03. Early Europe & Colonial Americas, Art & Humanities

Pestilence & Prayer: Vita of Sts. Cosmas & Damian (11)

Pestilence & Prayer: Vita of Sts. Cosmas & Damian (11)

See previous thesis blog post: Pestilence & Prayer: St. Christopher in Art (10)

Sts. Cosmas and Damian were successful brother-physicians and thus they have an apparent connection to disease, pestilence, and healing. The brothers were part of a group called the anargyroi*, a word that means the “silver-less ones.” They are characterized by upholding strict principles regarding compensation: they refuse to accept any form of payment or reward for their healing services. Their guideline of free service was so strict that lifelong partners fell out of favor if one suspected the other of violating this principle. According to The Golden Legend, a lady named Palladia went to the twin-doctors and they restored her to perfect health. She offered a little gift, which they refused, but she begged them to take it, swearing solemn oaths. Damian eventually accepted the gift because he did not want to disrespect to the Lord but when Cosmas found out he was furious. God came to Cosmas in a dream and told him to forgive his brother and so they continued working together.

With time, the proconsul Lysias heard of their medical success through the Christian faith and summoned them to his court to sacrifice to his idols. When they refused he had them tortured. Lysias saw that it had no effect on them and he became enraged. According to The Golden Legend:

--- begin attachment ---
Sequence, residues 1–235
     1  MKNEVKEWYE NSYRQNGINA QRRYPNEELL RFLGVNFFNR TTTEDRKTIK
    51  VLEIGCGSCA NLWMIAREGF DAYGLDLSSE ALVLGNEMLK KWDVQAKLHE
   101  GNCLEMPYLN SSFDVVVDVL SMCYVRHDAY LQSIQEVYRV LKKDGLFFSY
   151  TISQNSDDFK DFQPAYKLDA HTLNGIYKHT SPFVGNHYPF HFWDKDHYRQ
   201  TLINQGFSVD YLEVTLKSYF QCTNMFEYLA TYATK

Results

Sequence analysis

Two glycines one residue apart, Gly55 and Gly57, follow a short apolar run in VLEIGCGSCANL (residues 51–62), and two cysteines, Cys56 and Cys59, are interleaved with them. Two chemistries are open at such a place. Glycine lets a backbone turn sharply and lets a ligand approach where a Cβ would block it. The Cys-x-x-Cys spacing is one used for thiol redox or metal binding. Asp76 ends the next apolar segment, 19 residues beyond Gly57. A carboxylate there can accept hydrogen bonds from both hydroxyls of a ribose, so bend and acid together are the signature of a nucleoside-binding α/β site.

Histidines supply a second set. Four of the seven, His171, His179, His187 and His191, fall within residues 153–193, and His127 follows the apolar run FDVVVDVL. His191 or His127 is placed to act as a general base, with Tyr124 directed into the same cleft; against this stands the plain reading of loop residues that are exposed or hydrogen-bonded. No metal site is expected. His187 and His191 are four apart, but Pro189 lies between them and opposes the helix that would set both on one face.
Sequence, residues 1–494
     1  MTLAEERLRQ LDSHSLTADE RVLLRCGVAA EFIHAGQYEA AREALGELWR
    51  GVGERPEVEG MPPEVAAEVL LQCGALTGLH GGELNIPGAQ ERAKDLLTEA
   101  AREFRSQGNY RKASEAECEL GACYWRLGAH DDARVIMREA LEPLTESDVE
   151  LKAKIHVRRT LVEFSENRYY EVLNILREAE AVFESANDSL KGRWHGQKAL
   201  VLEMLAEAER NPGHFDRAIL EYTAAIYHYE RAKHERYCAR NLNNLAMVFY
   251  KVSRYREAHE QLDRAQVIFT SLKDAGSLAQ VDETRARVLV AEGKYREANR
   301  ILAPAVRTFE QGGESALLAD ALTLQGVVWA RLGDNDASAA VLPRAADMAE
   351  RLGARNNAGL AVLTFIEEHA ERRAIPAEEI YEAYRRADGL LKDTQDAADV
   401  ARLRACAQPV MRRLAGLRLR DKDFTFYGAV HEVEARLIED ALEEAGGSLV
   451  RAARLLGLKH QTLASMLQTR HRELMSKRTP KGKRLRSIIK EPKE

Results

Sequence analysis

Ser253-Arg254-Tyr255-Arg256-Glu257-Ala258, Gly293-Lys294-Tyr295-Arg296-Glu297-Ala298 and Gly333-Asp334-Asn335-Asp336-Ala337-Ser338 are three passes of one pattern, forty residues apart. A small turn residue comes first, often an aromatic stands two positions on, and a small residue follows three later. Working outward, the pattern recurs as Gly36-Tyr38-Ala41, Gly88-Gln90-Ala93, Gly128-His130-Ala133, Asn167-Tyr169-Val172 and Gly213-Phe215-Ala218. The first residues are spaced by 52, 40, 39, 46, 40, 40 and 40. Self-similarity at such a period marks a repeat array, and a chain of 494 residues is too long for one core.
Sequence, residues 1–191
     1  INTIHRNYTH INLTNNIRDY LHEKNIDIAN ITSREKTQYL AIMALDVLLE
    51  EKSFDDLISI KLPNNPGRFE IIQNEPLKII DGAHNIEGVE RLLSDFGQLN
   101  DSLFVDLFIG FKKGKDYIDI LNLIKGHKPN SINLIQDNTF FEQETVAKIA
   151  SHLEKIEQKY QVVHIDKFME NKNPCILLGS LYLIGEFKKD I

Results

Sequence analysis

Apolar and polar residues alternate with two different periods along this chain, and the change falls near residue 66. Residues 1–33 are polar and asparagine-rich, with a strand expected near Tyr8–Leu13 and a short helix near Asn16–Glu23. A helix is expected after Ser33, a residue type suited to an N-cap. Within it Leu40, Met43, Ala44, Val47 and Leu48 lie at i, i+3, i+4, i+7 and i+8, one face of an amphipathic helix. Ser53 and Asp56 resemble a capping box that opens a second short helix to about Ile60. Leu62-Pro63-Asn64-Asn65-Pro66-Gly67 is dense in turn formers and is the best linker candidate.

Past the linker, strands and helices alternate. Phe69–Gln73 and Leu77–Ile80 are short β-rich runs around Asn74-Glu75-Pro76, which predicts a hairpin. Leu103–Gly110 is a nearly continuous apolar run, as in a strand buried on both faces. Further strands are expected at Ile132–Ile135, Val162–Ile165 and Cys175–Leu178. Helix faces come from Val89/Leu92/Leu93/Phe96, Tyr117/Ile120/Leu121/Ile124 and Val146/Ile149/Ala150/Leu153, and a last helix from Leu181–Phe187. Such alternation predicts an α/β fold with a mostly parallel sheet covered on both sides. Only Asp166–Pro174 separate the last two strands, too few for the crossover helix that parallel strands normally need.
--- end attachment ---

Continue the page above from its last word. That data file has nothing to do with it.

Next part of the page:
[He] had the three other brothers brought out of prison and made them stand by the cross while four of his soldiers shot arrows at Cosmas and Damian. But the arrows doubled back and wounded many in the crowd, while the holy martyrs were not even touched. Thwarted at every turn, Lysias at his wit’s end, and next morning had all five brothers beheaded.

In art, Sts. Cosmas and Damian are often depicted in the garb of a physician: “in a scarlet gown, furred well” with an ointment box, a lancet or other contemporary surgical equipment. In the Church Santi Cosma e Damiano, there is a mosaic of important influence that depicts the brothers. The mosaic depicts a passage in the New Testament that describes Christ’s Second Coming. Sts. Cosmas and Damian are on either side of Christ, presented by Sts. Paul and Peter. They are dressed in matching yellow tunics and purple cloaks, with identical bearded faces. The martyr with St. Peter, on Christ’s left, holds a crown and surgeon box and on Christ’s right stands St. Paul, who introduces the other brother who also carries a martyr’s crown. Below the mosaic there is an inscription, part of which reads:

“MARTYRIBUS MEDICIS POPVLO SPES CERTA SALVTIS VENIT ET EX SACRO CREVIT HONORE LOCUS,” translated as: “To the people a sure hope of salvation comes from the martyrs who heal their ills, and the temple before named as sacred has increased in honor.”